This post has been updated
In what is becoming an annual tradition, the American Conservative Union has accepted the sponsorship of an organization led by a white nationalist.
Metro Weekly reported yesterday that the Log Cabin Republicans attempted to sponsor the upcoming Conservative Political Action Conference, but were rejected. Although the ACU disputes the story, in the past it has repeatedly excluded the now defunct gay conservative group GOProud. [UPDATE: Log Cabin Republicans report that they have been offered a speaking slot at CPAC, while they will “continue working toward full sponsorship of future CPACs.”]
At the same time, the ACU has repeatedly allowed white nationalists to present at and sponsor CPAC. In 2010, CPAC welcomed the sponsorship of the John Birch Society. In 2012, it hosted a panel on the “failure of multiculturalism” featuring John Derbyshire, Peter Brimelow and Robert Vandervoort, three of the most unabashedly racist voices on the Right, who were joined by Republican Rep. Steve King of Iowa. Vandervoort shared the stage on another panel with Kansas Secretary of State Kris Kobach, one of the GOP’s most influential anti-immigrant strategists. Then, in 2013 and 2014, Vandervoort’s group ProEnglish was a sponsor of the conference.
This year, it appears that ProEnglish is once again sponsoring CPAC. Although the group is not listed on the event’s website, it is included on a longer list of sponsors on the event’s mobile phone app.
UPDATE: Here is a screenshot showing that ProEnglish will be sponsoring a booth at CPAC’s exhibit hall, at a cost of $4,000:
Along with leading ProEnglish — a nativist group founded by John Tanton that seeks to establish English as the official language of the U.S. — Vandervoort has a background as a white nationalist leader. The Institute for Research and Education on Human Rights reported in 2012 that Vandervoort was “the organizer of the white nationalist group, Chicagoland Friends of American Renaissance, while he lived in Illinois”:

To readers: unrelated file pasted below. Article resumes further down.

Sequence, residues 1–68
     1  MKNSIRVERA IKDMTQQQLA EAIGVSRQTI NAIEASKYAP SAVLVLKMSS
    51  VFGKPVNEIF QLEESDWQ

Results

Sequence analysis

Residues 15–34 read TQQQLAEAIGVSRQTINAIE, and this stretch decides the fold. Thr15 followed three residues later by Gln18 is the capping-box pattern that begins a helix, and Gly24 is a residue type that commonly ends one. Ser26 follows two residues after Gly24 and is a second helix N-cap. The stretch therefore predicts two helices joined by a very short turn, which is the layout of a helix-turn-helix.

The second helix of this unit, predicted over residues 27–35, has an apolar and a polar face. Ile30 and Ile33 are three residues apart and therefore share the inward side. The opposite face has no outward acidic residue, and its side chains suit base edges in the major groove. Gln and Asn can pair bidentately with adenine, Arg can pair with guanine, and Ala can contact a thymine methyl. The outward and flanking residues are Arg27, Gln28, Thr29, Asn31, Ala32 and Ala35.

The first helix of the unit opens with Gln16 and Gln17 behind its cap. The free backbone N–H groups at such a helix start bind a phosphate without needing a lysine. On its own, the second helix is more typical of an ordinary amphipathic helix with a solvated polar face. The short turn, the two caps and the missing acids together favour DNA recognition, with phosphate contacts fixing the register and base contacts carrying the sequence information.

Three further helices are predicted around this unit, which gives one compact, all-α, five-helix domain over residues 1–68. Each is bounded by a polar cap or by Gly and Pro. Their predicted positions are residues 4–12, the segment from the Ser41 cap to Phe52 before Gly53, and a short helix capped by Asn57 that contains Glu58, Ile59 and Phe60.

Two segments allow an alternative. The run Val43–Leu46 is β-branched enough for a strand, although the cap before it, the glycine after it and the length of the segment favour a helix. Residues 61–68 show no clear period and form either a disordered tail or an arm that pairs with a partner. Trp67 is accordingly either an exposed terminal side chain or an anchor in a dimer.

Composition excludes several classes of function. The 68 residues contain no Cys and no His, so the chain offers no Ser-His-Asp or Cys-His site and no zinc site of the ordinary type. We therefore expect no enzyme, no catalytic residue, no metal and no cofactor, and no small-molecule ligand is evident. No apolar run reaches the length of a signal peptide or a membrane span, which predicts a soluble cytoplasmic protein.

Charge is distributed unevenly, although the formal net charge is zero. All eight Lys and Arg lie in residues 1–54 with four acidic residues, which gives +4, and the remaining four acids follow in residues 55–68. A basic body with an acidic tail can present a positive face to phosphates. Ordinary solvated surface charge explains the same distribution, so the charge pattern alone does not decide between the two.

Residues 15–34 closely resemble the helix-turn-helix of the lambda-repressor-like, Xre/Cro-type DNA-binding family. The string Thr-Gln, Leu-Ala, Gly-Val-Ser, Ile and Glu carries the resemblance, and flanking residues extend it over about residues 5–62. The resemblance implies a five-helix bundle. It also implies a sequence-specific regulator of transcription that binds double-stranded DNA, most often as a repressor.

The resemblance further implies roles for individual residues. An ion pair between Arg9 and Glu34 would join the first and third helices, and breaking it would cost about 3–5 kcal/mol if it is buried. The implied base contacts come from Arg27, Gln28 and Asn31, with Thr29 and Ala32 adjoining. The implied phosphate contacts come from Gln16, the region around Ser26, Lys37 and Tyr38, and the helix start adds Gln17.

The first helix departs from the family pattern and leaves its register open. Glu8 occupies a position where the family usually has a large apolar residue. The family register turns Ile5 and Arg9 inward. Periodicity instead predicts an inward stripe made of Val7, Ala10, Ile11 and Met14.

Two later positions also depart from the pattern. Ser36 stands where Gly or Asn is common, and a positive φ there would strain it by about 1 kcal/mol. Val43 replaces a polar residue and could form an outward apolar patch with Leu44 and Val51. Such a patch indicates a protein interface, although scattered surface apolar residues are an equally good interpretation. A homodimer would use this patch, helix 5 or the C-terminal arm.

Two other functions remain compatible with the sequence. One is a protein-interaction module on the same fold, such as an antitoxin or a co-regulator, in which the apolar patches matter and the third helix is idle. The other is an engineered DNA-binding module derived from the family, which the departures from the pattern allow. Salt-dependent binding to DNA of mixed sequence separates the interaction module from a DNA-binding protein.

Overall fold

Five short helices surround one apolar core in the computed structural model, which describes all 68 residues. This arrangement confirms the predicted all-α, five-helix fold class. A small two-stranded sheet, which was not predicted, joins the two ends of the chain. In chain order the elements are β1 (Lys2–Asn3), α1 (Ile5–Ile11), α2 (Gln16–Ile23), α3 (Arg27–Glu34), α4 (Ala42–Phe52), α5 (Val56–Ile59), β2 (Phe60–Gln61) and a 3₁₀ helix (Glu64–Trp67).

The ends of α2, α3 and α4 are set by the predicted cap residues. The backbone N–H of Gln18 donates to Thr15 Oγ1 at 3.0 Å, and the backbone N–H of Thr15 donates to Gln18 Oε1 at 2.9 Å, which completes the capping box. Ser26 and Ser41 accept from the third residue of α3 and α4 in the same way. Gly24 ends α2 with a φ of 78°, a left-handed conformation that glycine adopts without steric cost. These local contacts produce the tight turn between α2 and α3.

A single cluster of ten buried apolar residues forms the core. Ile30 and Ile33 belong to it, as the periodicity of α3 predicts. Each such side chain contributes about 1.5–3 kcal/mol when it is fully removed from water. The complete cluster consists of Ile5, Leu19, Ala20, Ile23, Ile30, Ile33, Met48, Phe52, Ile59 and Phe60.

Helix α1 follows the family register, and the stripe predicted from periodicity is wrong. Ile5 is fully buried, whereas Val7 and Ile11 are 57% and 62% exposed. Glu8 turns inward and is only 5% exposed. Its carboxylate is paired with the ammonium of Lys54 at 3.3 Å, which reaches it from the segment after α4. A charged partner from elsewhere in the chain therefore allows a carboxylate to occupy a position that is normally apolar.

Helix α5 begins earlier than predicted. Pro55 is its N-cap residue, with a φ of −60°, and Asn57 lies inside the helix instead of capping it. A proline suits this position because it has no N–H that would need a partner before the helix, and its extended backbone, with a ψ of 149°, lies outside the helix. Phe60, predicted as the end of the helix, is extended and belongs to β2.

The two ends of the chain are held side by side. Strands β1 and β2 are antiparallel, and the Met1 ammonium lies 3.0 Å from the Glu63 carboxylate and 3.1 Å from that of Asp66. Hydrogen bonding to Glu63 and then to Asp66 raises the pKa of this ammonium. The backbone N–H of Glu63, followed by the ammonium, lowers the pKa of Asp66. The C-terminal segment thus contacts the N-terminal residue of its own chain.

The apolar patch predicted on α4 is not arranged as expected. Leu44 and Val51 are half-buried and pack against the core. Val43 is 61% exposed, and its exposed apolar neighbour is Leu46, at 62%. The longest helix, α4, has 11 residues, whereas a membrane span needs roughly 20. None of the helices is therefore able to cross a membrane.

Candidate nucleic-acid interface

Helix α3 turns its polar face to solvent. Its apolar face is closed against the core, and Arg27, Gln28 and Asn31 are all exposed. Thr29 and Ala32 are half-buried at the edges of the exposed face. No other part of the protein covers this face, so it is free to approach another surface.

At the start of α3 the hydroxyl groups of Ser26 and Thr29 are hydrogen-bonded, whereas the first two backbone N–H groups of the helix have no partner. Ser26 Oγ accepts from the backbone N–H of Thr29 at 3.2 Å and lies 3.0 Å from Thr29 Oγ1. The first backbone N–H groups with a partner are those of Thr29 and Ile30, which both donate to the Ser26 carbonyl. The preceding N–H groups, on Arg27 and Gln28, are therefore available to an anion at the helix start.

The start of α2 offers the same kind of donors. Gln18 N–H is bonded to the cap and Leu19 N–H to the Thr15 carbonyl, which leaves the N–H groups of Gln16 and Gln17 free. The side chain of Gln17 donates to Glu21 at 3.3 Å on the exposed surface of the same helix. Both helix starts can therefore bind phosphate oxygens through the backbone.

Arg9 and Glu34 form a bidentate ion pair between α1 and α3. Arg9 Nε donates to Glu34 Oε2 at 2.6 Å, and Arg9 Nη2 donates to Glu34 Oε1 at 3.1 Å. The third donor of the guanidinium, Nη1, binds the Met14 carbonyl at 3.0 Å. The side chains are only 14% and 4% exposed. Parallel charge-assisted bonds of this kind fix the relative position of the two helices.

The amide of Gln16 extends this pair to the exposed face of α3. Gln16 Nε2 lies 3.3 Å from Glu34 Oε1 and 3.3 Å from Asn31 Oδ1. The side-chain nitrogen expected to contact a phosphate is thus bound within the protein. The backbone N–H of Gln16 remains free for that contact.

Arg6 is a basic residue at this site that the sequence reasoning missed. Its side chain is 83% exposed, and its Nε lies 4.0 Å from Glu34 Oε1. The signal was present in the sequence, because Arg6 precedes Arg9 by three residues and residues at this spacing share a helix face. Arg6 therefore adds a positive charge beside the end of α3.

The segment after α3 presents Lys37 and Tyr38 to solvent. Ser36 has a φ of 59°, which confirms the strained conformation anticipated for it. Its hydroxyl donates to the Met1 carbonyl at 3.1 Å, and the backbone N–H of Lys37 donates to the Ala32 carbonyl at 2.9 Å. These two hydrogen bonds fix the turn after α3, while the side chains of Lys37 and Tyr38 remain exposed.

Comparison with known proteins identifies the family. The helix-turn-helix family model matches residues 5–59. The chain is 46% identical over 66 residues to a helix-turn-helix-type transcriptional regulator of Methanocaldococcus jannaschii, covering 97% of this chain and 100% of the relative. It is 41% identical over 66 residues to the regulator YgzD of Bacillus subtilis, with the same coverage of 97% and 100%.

During that period Vandervoort was at the center of much of the white nationalist activity in the region. While he was in charge, Chicagoland Friends of American Renaissance often held joint meetings with the local chapter of the Council of Conservative Citizens. He also made appearances at white nationalist events outside Illinois, for instance participating in the 2009 Preserving Western Civilization Conference.
Vandervoort’s position at ProEnglish is not surprising, given his familiarity with the Nativist Establishment. He and several Chicagoland Friends of American Renaissance members attended a March 22, 2005 Federation for American Immigration Reform meeting at the Lincoln Restaurant in Chicago. At a November 13, 2004 FAIR “Midwest Immigration Reform Summit” in Rosemont, Illinois, Vandervoort attended and passed out leaflets to the crowd announcing a local American Renaissance event.
IREHR has more on Vandervoort here.
Although ProEnglish stays away from the outright white nationalism of Vandervoort’s past, it thrives on nativist fear-mongering. In 2013, ProEnglish ran a nasty anti-immigrant ad against South Carolina Sen. Lindsay Graham, which featured the voice of a woman “translating” a message from an “illegal immigrant”:
In addition to ProEnglish, CPAC has welcomed the sponsorship of anti-gay groups including the Family Research Council, theNational Organization for Marriage, Eagle Forum and Tradition, Family and Property, which at last year’s CPAC distributed a pamphlet depicting GOProud as a rainbow-colored beaver gnawing through the social issues leg of the conservative movement.